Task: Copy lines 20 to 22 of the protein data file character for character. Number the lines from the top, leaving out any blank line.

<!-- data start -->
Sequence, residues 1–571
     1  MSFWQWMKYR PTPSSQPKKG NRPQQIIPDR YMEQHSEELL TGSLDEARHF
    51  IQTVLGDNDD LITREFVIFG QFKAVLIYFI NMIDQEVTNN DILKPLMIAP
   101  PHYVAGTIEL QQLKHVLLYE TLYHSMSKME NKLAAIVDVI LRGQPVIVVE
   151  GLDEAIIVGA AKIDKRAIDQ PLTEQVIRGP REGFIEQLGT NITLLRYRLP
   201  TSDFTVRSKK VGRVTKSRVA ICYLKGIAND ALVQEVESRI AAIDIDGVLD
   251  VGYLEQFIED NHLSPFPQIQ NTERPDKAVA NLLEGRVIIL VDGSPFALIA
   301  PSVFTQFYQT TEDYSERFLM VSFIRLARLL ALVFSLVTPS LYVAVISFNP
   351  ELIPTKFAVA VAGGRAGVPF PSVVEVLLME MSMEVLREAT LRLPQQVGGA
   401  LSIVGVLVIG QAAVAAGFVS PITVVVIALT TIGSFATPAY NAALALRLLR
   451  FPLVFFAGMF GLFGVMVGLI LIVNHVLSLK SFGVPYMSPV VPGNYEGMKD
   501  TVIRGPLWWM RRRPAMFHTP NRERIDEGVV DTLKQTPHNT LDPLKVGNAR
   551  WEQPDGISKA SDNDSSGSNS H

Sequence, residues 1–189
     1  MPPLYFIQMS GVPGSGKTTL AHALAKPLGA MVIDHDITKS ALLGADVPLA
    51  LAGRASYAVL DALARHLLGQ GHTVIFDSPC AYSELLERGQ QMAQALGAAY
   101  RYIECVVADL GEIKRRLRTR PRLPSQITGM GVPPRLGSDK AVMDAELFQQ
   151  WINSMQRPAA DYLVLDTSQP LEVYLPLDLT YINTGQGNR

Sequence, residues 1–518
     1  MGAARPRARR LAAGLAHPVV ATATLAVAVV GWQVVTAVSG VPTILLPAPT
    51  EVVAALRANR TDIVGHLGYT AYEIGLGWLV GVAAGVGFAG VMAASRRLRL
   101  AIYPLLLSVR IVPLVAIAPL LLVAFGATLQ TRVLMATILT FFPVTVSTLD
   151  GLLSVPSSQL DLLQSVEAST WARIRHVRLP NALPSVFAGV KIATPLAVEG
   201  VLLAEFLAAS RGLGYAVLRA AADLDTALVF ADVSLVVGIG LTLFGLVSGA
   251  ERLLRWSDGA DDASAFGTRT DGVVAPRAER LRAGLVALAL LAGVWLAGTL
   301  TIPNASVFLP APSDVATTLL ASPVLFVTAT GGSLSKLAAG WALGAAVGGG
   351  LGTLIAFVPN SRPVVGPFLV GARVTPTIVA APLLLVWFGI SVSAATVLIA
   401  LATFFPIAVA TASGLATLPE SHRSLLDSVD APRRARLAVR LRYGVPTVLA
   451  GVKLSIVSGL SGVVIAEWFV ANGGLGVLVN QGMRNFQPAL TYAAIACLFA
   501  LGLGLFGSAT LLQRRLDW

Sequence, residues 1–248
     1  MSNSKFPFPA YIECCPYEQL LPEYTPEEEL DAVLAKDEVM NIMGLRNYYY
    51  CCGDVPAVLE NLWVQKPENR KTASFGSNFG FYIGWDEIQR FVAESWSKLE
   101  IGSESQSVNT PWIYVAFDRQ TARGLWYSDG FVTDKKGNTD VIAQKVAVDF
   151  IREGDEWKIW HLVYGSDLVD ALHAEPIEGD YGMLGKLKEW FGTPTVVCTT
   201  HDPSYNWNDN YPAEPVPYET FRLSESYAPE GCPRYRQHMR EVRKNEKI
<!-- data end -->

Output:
     1  MGAARPRARR LAAGLAHPVV ATATLAVAVV GWQVVTAVSG VPTILLPAPT
    51  EVVAALRANR TDIVGHLGYT AYEIGLGWLV GVAAGVGFAG VMAASRRLRL
   101  AIYPLLLSVR IVPLVAIAPL LLVAFGATLQ TRVLMATILT FFPVTVSTLD